Hundreds of people missed the point, which is ironic, isn’t it?

In the Greek of the New Testament, the most frequent word used for sin is “hamartia,” which literally means “to miss the mark.” Like an archer setting out to shoot a target who fails to hit the bullseye, hamartia means that we have failed to follow what we should, that we have failed to follow the marks laid out before us by Jesus’ example and teaching. But sin isn’t just something we can put on someone else – we must recognize that sin is something we must wrestle with ourselves and together.

As Alexander Solzhenitsyn wrote, “If only there were evil people somewhere insidiously committing evil deeds, and it were necessary only to separate them from the rest of us and destroy them. But the line dividing good and evil cuts through the heart of every human being. And who is willing to destroy a piece of his own heart?”

Following the path matters, but we must first identify the way.

In our Scripture today from Matthew 2:1-12, it says that Magi – or wise men, astrologers, or kings – showed up seeking a king they had heard about and pursued from the East. They naturally go to the resident king and ask about the new king – a bit too proactively, maybe. But they followed the star and they pursued the vision for the king they were seeking.

Herod sees the Magi’s arrival as the chance to smell out and destroy a would-be usurper, a potential rival. He thinks he can set these Magi up to do his dirty work, to get rid of an enemy. So the Magi keep following the star – and they come to a house with a child inside. While this is part of our Christmas story, we understand that it would truly have been several years after that first Christmas, as the Christmas story rolled into the experience of people even after the fact.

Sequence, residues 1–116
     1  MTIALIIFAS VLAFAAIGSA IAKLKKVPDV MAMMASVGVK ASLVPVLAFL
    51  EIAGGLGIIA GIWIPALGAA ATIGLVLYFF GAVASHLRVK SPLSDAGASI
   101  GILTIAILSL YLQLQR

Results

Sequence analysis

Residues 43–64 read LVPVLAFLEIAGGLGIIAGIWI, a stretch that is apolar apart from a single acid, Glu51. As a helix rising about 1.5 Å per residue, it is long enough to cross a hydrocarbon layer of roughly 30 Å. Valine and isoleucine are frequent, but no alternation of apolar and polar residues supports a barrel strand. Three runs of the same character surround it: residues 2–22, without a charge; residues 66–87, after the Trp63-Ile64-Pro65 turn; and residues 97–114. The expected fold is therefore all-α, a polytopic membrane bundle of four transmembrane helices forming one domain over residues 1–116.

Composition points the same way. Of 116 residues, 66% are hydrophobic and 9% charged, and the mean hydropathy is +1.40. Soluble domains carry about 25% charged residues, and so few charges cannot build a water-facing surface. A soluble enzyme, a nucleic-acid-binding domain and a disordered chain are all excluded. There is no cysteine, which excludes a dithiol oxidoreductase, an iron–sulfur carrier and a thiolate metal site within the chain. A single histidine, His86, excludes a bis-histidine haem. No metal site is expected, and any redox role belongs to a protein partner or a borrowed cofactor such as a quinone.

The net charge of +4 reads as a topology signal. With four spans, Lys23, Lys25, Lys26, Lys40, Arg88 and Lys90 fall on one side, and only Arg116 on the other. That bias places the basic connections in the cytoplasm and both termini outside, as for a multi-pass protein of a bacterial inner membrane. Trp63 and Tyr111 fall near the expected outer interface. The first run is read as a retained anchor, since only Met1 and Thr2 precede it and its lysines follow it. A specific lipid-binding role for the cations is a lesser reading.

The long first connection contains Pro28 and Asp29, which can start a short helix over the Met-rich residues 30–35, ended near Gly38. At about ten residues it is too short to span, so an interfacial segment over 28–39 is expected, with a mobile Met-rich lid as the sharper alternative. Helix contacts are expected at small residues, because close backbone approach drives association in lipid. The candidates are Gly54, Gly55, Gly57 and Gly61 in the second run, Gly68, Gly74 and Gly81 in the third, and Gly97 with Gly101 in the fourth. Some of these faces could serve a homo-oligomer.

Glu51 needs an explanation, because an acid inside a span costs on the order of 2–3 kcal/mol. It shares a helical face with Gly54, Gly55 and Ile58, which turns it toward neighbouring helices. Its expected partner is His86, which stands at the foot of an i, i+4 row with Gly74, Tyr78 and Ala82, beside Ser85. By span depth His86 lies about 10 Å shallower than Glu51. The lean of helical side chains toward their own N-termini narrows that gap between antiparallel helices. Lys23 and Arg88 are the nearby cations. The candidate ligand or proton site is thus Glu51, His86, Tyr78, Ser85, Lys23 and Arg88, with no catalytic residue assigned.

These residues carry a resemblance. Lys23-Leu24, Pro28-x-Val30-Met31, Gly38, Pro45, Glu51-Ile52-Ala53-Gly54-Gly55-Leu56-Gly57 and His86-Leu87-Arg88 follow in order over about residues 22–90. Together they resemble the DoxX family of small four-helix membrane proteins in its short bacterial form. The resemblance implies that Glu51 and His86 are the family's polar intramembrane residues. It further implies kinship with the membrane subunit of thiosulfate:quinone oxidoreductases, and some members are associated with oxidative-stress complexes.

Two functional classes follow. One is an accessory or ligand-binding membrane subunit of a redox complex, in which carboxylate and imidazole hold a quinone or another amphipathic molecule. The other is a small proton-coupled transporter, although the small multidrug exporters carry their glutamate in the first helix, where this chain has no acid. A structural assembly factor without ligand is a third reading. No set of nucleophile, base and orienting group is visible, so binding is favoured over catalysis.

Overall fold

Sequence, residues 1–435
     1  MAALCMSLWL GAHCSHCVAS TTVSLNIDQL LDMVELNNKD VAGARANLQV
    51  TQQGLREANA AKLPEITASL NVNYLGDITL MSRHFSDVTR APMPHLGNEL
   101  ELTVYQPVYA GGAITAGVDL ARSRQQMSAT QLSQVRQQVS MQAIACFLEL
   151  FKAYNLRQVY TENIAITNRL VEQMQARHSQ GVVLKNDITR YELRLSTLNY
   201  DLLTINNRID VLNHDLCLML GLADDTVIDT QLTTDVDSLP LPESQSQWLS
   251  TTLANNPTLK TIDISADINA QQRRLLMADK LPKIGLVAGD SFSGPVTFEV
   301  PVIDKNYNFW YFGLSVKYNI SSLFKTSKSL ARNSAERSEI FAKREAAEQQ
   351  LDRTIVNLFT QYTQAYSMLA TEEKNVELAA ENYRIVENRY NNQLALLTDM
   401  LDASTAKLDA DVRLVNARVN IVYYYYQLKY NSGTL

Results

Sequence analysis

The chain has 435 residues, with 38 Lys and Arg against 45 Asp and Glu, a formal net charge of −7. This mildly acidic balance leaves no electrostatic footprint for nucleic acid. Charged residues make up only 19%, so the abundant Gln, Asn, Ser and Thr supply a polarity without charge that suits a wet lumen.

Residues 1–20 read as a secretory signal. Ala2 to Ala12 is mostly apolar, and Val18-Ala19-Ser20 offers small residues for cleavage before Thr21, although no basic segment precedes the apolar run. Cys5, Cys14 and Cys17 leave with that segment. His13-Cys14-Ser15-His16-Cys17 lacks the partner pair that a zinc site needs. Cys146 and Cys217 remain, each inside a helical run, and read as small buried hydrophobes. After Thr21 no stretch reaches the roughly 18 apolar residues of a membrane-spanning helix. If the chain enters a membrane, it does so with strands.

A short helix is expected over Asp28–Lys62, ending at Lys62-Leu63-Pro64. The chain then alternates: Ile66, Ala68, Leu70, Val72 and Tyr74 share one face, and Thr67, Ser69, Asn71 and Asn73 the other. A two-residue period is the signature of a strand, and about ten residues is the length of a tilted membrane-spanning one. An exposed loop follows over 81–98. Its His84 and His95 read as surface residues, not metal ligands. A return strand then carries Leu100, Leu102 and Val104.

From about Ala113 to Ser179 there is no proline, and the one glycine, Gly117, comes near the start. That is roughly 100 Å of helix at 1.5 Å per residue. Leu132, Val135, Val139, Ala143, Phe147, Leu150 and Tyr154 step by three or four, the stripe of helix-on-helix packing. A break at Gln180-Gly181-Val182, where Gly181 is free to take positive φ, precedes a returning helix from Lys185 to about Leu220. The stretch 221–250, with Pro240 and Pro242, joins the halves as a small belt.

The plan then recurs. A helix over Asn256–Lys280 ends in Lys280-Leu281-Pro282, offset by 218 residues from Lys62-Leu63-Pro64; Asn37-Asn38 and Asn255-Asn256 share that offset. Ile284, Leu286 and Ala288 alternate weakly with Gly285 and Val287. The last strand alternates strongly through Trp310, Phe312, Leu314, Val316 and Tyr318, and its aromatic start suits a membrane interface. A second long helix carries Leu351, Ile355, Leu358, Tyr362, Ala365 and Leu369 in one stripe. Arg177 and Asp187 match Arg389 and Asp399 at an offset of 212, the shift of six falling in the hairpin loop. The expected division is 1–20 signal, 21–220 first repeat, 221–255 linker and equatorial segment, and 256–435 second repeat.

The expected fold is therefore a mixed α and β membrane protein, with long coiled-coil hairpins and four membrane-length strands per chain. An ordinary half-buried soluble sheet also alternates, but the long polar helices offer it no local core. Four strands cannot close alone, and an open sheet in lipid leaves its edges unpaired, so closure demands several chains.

These wise men – three, thirty, three hundred? – come and present gifts of gold, frankincense and myrrh. These wise men celebrate the birth of a miracle child, of a king honored by the arrival of a star – not the typical happenings for a typical day. But having been warned in a dream – they avoid Herod and go home a different way.

Here, our three kings have an interaction similar to those individuals in the stories we’ve studied in our Do Not Be Afraid Series – Zechariah, Mary, Joseph, and the shepherds. The voice of God – here, called in a dream, while before it was via an angel – showed up and told the wise men to avoid the things which society (and maybe common sense) would have pushed for: to be afraid of Herod.

Instead, the wise men were inspired by God to move differently, to not be afraid. They were expected to do one thing, to succumb to power and privilege and fear, and instead, they obeyed God and went home by another way.